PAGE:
Home / news / Trump spoke about his bombing … Ethiopia rejects threats about the Grand Ethiopian Renaissance Dam and summons the US ambassador

Trump spoke about his bombing … Ethiopia rejects threats about the Grand Ethiopian Renaissance Dam and summons the US ambassador

The Ethiopian Prime Minister Abiy Ahmed denounced what he described as threats and abuses of his country’s sovereignty, while the Ethiopian Foreign Ministry summoned the American ambassador to request clarifications, after US President Donald Trump said that Egypt might eventually blow up the Grand Ethiopian Renaissance Dam.

In his first official comment on the US President’s statements, Ahmed said, “The occasional statements about the threat of war with the aim of subjecting Ethiopia to unfair conditions are still many.”

He saw this as threats and insults to the Ethiopian sovereignty that would not be fruitful according to him, and represented “clear violations of international law.”

This came in a statement issued by the Ethiopian Prime Minister’s Office today, Saturday, without attributing these threats to a specific person or country.

Ahmed said that his citizens are committed to defending the sovereignty of their country in an unparalleled way, and that his country “will not succumb to any aggression” and will not fully recognize the rights existing on what he described as colonial treaties, noting that the first phase of filling the dam was completed last August.

At the same time, he affirmed Ethiopia’s commitment to a peaceful solution to the issue of the Renaissance Dam on the basis of cooperation, mutual trust, non-interference in internal affairs, and the principle of fair and reasonable use of resources.

He added that the negotiations with the Nile Basin countries showed great progress, and that the African Union considered the issue a sign of Africa’s ability to address its own problems.

Ethiopia confirms that it completed the first phase of filling the dam reservoir last August (Reuters)

Summon the US ambassador

Meanwhile, an Ethiopian diplomatic source told Al-Jazeera that the Ethiopian Foreign Ministry summoned Michael Raynor, the US ambassador to Addis Ababa, and asked him for clarifications about Trump’s statements about the Renaissance Dam bombing.

The source added that the Ethiopian Foreign Ministry informed the ambassador of its dissatisfaction with these statements, which it said could undermine the course of the negotiations taking place under the auspices of the African Union, especially since the United States is an observer member alongside the European Union.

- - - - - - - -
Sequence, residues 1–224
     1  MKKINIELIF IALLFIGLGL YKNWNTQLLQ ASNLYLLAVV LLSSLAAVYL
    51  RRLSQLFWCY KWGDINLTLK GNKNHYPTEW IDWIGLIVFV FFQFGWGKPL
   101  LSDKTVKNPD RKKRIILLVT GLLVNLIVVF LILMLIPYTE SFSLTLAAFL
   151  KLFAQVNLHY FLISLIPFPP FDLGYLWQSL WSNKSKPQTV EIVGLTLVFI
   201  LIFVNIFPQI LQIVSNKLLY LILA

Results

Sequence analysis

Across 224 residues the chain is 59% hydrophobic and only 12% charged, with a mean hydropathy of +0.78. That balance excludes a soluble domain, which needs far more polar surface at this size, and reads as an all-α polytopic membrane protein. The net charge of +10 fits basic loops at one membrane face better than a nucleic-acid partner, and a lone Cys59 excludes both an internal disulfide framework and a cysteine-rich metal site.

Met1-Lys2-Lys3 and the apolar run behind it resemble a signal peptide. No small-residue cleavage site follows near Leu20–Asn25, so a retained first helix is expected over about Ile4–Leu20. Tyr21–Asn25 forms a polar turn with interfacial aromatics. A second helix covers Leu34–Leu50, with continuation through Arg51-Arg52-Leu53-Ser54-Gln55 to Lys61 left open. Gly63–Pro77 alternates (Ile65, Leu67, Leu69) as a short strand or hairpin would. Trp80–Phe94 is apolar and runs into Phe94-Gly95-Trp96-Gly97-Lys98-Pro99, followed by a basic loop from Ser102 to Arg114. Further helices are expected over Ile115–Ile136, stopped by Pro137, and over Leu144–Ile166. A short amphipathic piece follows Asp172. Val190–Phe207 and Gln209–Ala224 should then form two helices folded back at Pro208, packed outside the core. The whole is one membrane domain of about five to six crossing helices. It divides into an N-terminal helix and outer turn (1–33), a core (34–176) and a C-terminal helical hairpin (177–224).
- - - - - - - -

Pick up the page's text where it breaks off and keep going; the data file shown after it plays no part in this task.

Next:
The source stated that the Ethiopian Foreign Ministry will inform the ambassadors of the permanent members of the UN Security Council on the impact of these statements on continental and international peace, and African diplomatic moves will take place in this direction because these statements target all of Africa and seek to ignite war in the Nile Basin region, according to the same source. .

Trump spoke about the dispute over the Grand Ethiopian Renaissance Dam during a phone call with the leaders of Sudan and Israel on Friday, when he witnessed the announcement of the normalization of relations between the two sides.

They will blow up this dam.

“You cannot blame Egypt for feeling a little uncomfortable,” the US President said, adding that it was “a very dangerous situation, because Egypt will not be able to live this way.”

“They will end up blowing up the dam. I said it and say it loud and clear: They will blow up this dam.”

He confirmed that he brokered an agreement to resolve the conflict, but Ethiopia, according to him, violated the agreement, which prompted him to cut off funding from it. Trump urged Sudanese Prime Minister Abdullah Hamdok to persuade Ethiopia to accept the deal to settle the conflict.

Negotiations between Egypt, Sudan and Ethiopia over the Renaissance Dam have stalled over the past years, amid mutual accusations between Cairo and Addis Ababa of intransigence and a desire to impose unrealistic solutions.

Addis Ababa insists on filling the dam even if it does not reach an agreement with Cairo and Khartoum, while the latter two insist on the need to first reach a tripartite agreement on the dam on the Blue Nile, the main tributary of the Nile River.

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